How Long Does a DUI Stay on Your Record in Florida?

Getting hit with a DUI or driving under the influence charge can be incredibly devastating. If you have a DUI on your record, you could potentially go to jail, have to pay fines, get your license suspended, and get points on your license. If you’re a repeat offender, the consequences could be even worse.


However, as you know, knowledge is power. And by learning the laws on DUIs in Florida, you can figure out a defense and how to move past this unfortunate incident. You can go forward with your life.


The best chance you have of fighting your DUI is to hire a winning DUI defense lawyer in Florida.


Here are all the facts on how long a DUI stays on your record in Florida, as well as why you may want to hire Meltzer & Bell, criminal defense lawyers in West Palm Beach, to help you with your case.


What Does DUI Mean?  


Driving under the influence includes driving recklessly while on legal or illegal drugs or alcohol. Even if you were prescribed medicine and accidentally took too much or you can legally drink but had one too many before getting behind the wheel, you could get charged with a DUI.


In Florida, the blood alcohol content (BAC) limit is .08% if you are 21 years of age or older. If you are under 21 years of age, the limit is .02%. A BAC is not static – it’s always rising or falling – and what yours clocks in as may be different from someone else’s, even if you had the same amount to drink. While the number of drinks you had will help to determine your BAC, you also need to factor in your body weight, sex, and the amount of time you spent drinking.


For example, if you’re a woman who weighs 140 pounds, your BAC should be approximately .05% after one drink. If you’re a 140-pound male, it will be .04%. If you’re a man or woman, after two drinks, you’d be at .09%, which is over the legal limit. Even if you don’t feel drunk, you could be, which means that you wouldn’t be able to drive carefully and could hurt yourself and/or others.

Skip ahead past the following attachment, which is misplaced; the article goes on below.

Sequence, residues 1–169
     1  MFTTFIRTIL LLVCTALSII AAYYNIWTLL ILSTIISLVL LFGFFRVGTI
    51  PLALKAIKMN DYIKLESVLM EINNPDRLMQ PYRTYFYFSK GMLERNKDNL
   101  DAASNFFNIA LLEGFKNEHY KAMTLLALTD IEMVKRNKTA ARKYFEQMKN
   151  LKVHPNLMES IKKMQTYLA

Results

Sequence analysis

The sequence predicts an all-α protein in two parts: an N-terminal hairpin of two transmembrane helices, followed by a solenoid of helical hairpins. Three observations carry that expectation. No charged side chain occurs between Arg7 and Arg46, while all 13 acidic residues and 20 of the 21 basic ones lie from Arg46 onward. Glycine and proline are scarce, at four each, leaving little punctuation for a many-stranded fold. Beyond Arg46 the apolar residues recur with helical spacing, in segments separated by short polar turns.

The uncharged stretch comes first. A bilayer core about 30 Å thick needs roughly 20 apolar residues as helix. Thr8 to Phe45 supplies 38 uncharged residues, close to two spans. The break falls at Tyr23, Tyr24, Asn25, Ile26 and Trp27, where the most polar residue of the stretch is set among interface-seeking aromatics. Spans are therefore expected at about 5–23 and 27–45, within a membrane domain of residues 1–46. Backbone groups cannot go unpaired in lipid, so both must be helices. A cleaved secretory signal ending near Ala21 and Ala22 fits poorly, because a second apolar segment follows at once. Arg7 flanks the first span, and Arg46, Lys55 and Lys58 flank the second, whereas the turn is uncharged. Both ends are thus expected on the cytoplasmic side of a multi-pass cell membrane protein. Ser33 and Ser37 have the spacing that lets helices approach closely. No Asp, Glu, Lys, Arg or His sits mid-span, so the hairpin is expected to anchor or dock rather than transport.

There is also a range of side effects when it comes to legal and illegal drugs. For instance, your response time may be slower if you take marijuana, you may act erratically if you’re on cocaine, and you could have hallucinations if you’re on sleeping pills.


No matter what substance you’re on if you decide to get behind the wheel of your car and drive while cognitively and physically impaired, you could:


  • Swerve in between lanes or off the road
  • Speed
  • Brake unnecessarily
  • Forget to turn your headlights on
  • Hit another car, object, or person
  • Not wear your seatbelt


If the cops see you driving recklessly or they test you at a DUI checkpoint, you could face legal repercussions, like jail time, fines, mandatory community service and schooling, license suspension, and a DUI staying on your record in Florida for several years.


How Long Does a DUI Stay on Your Record in Florida?


Florida is known for its very tough DUI laws. If you are convicted of a DUI, then it could stay on your record for up to 75 years. Additionally, you could face other consequences when it comes to your license and how you drive.


You can fight a DUI charge, though, and stop it in its tracks before you get convicted. Then, you won’t have to deal with it being on your record for several decades.


What to Do If You’re Pulled Over for a DUI


If you’re pulled over for a DUI in Florida, make sure you stay calm and listen to the officer’s directions. You should always keep your hands on the wheel unless you’re instructed to move them to pull out your license and registration.